How I learned to read Russian on my first river cruise

  • Travel
  • Wednesday, 12 Dec 2018

Home for 11 days and 10 nights on the Volga river in Russia. Photos: The Star/Melody L. Goh

The first time I ... went on a river cruise

After spending 11 days travelling in Russia, I can now read Russian.

I can’t speak the language or write it, or even understand what I’m reading, but I know that the Roman letter “H” is actually “N” in Cyrillic and that “Mockba” is Moscow.

This is all thanks to the informal classes on board the MS Victoria, the ship I was on for my recent work trip with Sedunia Travel cruising through the Volga river. It was my first time on a river cruise, and I was with a group of Malaysians, all eager to discover more about the country.

We travelled from Saint Petersburg to Moscow, making five stops at small towns and villages in between. However, the distance between some of the ports took more than a day’s journey so we had a lot of time to kill on the ship.

Thankfully, the ship’s tour coordinators had prepared numerous activities for guests to participate in each day. The coodinator for our group was named Alfia, and she was attentive to our needs.

It was Alfia who taught us how to read and speak basic Russian words and sentences like “Good Morning”, “How are you?”, “Where is the toilet?” and “Putin”. Alfia is a kindergarten teacher by profession, but like many young Russians, she does part-time jobs during the summer break.

To help us remember our Russian language lessons, the tour coordinators organised a couple of singing classes. We sang Kalinka, a popular 19th century folk song, and Antoshka, a children’s song about a lazy boy who does not want to help his friends.

Then there’s the nursery rhyme about how a grandfather and his family members try to dig a gigantic turnip out of the ground ... This cute story was later performed on stage during “concert night” by some of the ship’s guests, including three from the Malaysian group!

The concert night was a fun affair. Each tour group on the ship – there were three international groups and one local – had to perform well, something, for the MS Victoria crew as a way of thanking them for their hard work.

The Malaysians sang Rasa Sayang (a sole Indonesian traveller was also on the ship so he joined our group throughout the tour) since we kind of forgot all about the show and had to perform something we all knew, in a flash.

We were a hit. And nobody realised, or cared, that we had made a few mistakes in the song.

Rabbit stew with buckwheat. Grains like buckwheat and millet are common in Russian cuisine.

Apart from that, we also tried our hand at painting our own Russian souvenir. I thought mine was good enough but the art “teacher” was not too impressed by it and made some improvements.

Mealtimes on the ship were ... adventurous. Breakfast was buffet style and I thought that the daily spread was nice. Not everyone shared the same opinion though.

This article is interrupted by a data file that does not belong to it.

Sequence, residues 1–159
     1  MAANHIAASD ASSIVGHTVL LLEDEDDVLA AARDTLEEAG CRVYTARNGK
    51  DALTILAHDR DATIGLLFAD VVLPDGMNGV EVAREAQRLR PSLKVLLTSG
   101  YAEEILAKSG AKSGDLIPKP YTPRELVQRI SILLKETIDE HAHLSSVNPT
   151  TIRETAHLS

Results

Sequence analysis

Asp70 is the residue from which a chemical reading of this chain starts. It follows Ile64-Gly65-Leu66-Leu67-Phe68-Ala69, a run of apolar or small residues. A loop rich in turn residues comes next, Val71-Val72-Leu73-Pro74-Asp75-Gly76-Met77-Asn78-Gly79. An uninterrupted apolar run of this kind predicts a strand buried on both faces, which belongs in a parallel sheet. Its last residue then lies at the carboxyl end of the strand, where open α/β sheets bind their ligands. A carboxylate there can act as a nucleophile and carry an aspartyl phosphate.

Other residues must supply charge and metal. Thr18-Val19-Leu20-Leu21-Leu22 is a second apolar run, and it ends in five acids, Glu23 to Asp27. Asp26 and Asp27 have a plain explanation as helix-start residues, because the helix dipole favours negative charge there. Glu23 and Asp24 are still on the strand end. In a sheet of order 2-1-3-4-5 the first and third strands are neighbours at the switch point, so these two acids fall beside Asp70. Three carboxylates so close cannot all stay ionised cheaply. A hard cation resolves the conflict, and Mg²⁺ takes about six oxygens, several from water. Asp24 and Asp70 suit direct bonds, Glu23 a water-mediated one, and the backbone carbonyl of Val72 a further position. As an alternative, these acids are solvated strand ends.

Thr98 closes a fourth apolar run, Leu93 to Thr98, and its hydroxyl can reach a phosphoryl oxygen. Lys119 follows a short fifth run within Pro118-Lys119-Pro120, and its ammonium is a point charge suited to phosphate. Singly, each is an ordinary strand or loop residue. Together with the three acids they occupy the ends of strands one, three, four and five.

I really loved the millet porridge, a typical Russian breakfast meal, the preserves and cheeses.

The menu changes each day for lunch and dinner, and we had to choose our options the night before. I guess I am a lot more adventurous with my food than many of my travel companions – I loved most of the items I chose every day but the others weren’t always too happy with theirs.

There was no curfew or “lights out” on the ship at night but then again, apart from going to the bars (there were two on board), there’s nothing much to do. There was a library with books you could borrow, a spa and two lounge areas with free coffee, tea and cookies.

A lock is a water navigation system that either raises or lowers a ship to move it from one waterway to another.

There was also a little gym that was open for 24 hours. On one particular night, I found myself walking on the treadmill at 11.30pm because I was too restless and couldn’t sleep.

Since it was late September, the weather was already cold so if you wanted to hang out on the sun deck or your room balcony, you’d better have a thick jacket on. I had mistakenly left mine at home so I could only stand outside for a few minutes to check out the locks at some of the canals.

A lock is basically an elevator for ships, either raising or lowering them. It is a fascinating thing to see and a big part of the river cruise experience. On our trip, we went through eight locks; six of them were at the Moscow Canal.

A river cruise allows you to take things at a slower pace, which is what you want on a holiday. Navigating through the Volga – the longest river in Europe – I managed to see a charming, less rigid Russia and discovered so much more about the Russian culture than I thought I would.

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